With increasing availability of organic products, natural is another label that is increasingly being used to market foods. Unlike organic, there are currently no set regulations qualifying the use of this term. Today, as much of our food undergoes some sort of processing before it reaches our plate, it is hard to define a food as “natural” from a food science point of view. Currently, the Food and Drug Administration (FDA) only loosely defines a “natural” food as one that may be without added colors, artificial flavors, or synthetic additives. As this topic is of much debate, the FDA is currently requesting public comments and information to possibly formulate a set definition in years to come.
Regardless of what types of fruits and vegetables you buy, there are benefits to foods in each category. We at Festival like to encourage that all forms matter, but ultimately, the decision to buy organic, local, natural, conventional, or any combination of the above comes down to personal preferences and beliefs.
Emily Schwartz is a nationally accredited registered dietitian-nutritionist (RDN) serving the Eau Claire and La Crosse communities as Festival Foods’ Western Markets Regional Dietitian.

Breathe Easier in 2016

You may be surprised to know that if your jaw isn’t in alignment, you can suffer from breathing issues. The Q & A below will help clarify what you need to know and how you can get help.

How does the misalignment affect breathing?

To begin to answer that question, we would actually start with a different question: How did their dysfunctional breathing and dysfunctional swallow cause the misalignment of their teeth?

The importance of correct breathing (the right amount of air, correct number of breaths per minute while using proper body mechanics) and its impact, either positively or negatively, affect proper jaw growth and subsequent tooth alignment. (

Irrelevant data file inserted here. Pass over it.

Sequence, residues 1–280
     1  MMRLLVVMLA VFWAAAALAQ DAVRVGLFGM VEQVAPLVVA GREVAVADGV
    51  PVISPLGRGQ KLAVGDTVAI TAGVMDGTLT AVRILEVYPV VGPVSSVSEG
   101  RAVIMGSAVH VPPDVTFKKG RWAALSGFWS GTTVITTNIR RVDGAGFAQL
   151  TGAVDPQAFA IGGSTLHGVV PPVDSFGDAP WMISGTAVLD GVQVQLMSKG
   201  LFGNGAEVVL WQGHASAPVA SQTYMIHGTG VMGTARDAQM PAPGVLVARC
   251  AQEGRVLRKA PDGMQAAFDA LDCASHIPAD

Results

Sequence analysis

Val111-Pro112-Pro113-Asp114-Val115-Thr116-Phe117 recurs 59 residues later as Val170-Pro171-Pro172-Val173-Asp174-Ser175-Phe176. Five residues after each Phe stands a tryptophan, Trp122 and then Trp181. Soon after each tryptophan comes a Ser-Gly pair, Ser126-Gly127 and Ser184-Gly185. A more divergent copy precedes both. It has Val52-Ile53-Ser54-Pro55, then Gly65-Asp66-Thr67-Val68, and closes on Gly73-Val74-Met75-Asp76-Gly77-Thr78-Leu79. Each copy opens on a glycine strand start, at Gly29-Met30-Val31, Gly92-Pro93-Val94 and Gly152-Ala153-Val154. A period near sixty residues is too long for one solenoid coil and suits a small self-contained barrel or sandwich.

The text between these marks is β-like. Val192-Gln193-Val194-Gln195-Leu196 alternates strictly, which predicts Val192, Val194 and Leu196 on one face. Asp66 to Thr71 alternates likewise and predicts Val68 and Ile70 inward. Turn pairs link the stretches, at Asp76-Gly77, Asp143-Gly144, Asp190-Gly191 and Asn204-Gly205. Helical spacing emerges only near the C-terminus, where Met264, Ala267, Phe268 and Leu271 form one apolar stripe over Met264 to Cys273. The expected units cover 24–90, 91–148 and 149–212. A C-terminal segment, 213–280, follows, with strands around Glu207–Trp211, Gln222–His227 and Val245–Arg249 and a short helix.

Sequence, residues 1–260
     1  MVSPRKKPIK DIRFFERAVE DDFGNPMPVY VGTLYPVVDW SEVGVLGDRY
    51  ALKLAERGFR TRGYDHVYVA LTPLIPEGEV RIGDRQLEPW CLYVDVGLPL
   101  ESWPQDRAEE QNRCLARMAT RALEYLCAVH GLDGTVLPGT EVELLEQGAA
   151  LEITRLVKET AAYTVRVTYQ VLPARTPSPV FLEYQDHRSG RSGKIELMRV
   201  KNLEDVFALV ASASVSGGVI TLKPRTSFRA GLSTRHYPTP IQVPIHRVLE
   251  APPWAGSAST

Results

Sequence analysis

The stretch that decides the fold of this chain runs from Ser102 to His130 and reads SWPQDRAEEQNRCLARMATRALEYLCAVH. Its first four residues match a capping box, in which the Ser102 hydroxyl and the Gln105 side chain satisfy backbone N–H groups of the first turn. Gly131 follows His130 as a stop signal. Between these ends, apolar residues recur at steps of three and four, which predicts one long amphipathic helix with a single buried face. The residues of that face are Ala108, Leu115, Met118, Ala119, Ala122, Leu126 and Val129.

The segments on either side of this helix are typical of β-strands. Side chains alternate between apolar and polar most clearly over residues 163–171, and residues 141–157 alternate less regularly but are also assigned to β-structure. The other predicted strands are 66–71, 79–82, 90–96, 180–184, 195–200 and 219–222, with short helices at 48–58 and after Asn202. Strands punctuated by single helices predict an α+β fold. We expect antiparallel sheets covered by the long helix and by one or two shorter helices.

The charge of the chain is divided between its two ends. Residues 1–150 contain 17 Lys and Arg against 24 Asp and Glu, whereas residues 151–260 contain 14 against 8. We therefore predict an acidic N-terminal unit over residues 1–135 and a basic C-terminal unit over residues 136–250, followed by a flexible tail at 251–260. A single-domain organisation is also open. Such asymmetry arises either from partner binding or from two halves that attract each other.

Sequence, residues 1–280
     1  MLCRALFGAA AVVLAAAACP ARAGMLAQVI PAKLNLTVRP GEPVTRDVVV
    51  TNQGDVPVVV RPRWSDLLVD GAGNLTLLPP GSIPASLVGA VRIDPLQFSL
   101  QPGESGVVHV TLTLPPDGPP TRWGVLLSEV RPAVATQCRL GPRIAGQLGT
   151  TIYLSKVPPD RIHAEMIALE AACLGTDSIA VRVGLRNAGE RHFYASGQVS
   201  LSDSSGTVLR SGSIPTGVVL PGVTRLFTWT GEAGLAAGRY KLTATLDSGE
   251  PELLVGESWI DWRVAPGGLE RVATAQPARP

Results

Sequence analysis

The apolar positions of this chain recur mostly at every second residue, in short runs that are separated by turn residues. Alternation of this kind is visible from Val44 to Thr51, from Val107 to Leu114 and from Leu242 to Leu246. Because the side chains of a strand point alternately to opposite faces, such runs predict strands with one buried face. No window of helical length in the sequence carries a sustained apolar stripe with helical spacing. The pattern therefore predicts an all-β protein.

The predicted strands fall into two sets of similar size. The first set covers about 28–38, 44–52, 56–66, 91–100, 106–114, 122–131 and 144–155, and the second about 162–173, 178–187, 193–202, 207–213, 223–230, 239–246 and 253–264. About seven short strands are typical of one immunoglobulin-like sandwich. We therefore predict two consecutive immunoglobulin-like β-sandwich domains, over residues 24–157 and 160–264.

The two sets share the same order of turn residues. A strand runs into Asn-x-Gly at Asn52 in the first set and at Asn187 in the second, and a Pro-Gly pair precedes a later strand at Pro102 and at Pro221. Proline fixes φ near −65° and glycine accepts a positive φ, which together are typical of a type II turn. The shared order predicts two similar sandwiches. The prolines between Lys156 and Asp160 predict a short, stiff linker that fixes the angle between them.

If the mouth is the main source for breathing, oral development is impeded. The upper palate (jaw) will be smaller than the lower (reverse of what is normal) due to constant tongue pressure pushing on the lower instead of the upper. A dysfunctional swallowing problem comes from the upper front teeth being too far back, trapping the lower jaw and affecting breathing as well as the epiglottis/throat function. There can be a problem with swallowing actually causing fluid to accumulate in the lungs, which may lead topneumonia. For videos showing the proper swallow verses improper swallow and their effect on tooth alignment see It is unnatural for a person—even more so a child—to sleep with their mouth open. The correct position of the tongue is at the roof of the mouth and the lips together at rest, and in this position it provides support for the eruption of the teeth and the proper position of the jaws and growth of the jaws.

When the teeth and the jaws are out of alignment what type of problems might someone be presented with?

Improper tongue function, which is in direct correlation with teeth and jaw alignment, can manifest itself as: headaches, neck ache, back aches, TMJ/jaw problems, grinding of the teeth, on-edge feelings, airway problems, stomach, digestive, and absorption problems.